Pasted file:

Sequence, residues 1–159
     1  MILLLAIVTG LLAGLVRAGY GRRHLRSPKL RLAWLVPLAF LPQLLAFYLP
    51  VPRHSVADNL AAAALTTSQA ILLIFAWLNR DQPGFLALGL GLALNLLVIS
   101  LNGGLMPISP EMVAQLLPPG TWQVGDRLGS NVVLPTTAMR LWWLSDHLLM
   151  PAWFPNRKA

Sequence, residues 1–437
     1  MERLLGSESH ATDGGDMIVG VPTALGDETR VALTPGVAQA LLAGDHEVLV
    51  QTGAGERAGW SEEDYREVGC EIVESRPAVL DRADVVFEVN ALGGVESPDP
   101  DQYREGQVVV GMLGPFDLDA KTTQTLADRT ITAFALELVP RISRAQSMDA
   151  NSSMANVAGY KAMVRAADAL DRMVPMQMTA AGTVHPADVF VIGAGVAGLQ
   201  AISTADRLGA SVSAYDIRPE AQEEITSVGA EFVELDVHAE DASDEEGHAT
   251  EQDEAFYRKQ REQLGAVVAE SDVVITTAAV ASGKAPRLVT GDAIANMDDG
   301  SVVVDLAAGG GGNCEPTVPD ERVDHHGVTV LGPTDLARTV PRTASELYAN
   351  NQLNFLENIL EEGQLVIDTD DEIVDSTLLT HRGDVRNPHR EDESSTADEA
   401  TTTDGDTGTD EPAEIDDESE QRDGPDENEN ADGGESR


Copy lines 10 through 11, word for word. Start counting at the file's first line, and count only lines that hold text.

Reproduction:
   151  NSSMANVAGY KAMVRAADAL DRMVPMQMTA AGTVHPADVF VIGAGVAGLQ
   201  AISTADRLGA SVSAYDIRPE AQEEITSVGA EFVELDVHAE DASDEEGHAT